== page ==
Embodiment as a band-aid

Maxine Sheets-Johnstone says it well.  In “Putting Movement into Your Life: A Beyond Fitness Primer“, she correctly laments the ridiculous reverential terms in which brains are spoken about, as if brains experienced anything.  She notes the rise of ’embodiment’ as a tag in cognitive science.*

She says:

[T]he term `embodiment’ and its derivatives are in fact nothing more than a lexical band-aid covering over a still suppurating three-hundred + year-old wound: seventeenth-century French philosopher René Descartes’s division of mind and body.

Thank you Maxine!


*True story: I once had to write a review of a paper that extended the entirely disembodied, symbolic, architecture of the ACT-R model by adding a [+embodied] tag.  It doesn’t get much more ridiculous that this, folks! 

Non-specific variables

The idea seems to recur to me that good dynamical modeling needs to not only define its systems with care, and their dynamics, but it also needs to pick its variables with care. They should be as meaningless as possible. This is why we can see something interesting in the blinking of the eye, the twitching of the thumps on the video controller, the synchronization of eye movements in/as film… Being entirely non-specific, they might appear the same to everyone.

Don Norman had the notion of weak general interfaces. The keyboard and the video game controller are good examples. But so are the eyeballs. Are the hands acting as sensory devices as they play GTA? Why yes! Looking at it like this makes it clear that there is no ‘perception’ that is differentiable from action.

Susan Hurley said that the ecological approach was instrumental, and the dynamic approach was constitutive. Perhaps these two approaches see the same relation from different sides, as it were. The ecological approach points out the lawfulness inherent in the P/A relation. Lawfulness is boring. No information, because it behaves as expected. That is one view. Like looking at the single cell from the outside, knowing all about its metabolism, the glucose and the gradient. It looks mechanical.  It is too, given some very important presuppositions.  One of which is that there is something it is like to be the cell.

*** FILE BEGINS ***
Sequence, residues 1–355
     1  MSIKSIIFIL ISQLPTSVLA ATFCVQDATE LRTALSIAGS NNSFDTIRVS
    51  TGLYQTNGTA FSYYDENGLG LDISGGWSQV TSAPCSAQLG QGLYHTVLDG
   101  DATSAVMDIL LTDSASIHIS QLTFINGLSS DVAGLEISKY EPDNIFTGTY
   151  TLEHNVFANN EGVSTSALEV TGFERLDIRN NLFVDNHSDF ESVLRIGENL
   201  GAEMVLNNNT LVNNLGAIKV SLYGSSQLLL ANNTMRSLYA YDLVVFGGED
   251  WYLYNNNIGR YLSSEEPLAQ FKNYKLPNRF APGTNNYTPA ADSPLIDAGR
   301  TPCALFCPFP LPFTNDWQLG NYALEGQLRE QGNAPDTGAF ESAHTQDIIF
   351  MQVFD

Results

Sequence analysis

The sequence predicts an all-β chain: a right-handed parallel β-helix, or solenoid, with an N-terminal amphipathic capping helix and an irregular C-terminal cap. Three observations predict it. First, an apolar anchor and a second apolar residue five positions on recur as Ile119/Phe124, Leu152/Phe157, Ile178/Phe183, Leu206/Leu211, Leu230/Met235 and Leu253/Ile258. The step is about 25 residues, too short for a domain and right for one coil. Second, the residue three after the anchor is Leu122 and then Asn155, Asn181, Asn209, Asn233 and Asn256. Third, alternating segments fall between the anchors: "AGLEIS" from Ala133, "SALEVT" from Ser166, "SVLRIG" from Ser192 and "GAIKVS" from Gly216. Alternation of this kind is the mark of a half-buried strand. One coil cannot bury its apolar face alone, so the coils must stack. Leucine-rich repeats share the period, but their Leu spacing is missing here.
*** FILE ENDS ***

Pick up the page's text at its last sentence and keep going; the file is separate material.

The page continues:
Dynamics ought to allow one to keep that in mind, while simultaneously acknowledging the view from the inside. Hence it allows the constitutive to appear.

 How might one investigate more specific instances, such as dance, in which there is more feeling, and sensory-motor skill is required?  We have meaningless ones of these too, in sport.

Thinking about Perception and Action

In my current draft of “On the Origin of the Phenomenal” [A manuscript elsewhere], I am at pains to claim that the P-world of present experience arises based on a bedrock of the perception-action relation, which is heavily mediated and embedded in time through the nervous system.

Part of the supporting argumentation stems from the good offices of Ecological Psychology, in which lawfulness in the Perception/Action relation is a major concern. The paradigmatic case of diving gannets seeks to relate overt action (wing folding) to the energetic flux on the receptor surface. Similar concerns arise in the entire literature on affordance, in Turvey’s pendulum work, Bingham’s hefting, etc etc. The swaying room of Lisker and Lee is my favourite illustration.

But this claim is not going to reach many people who are not already familiar with the kind of lawfulness uncovered in such circles. The terms “Perception” and “Action” are loaded, and induce all kinds of unwanted and unwarranted associations in most readers.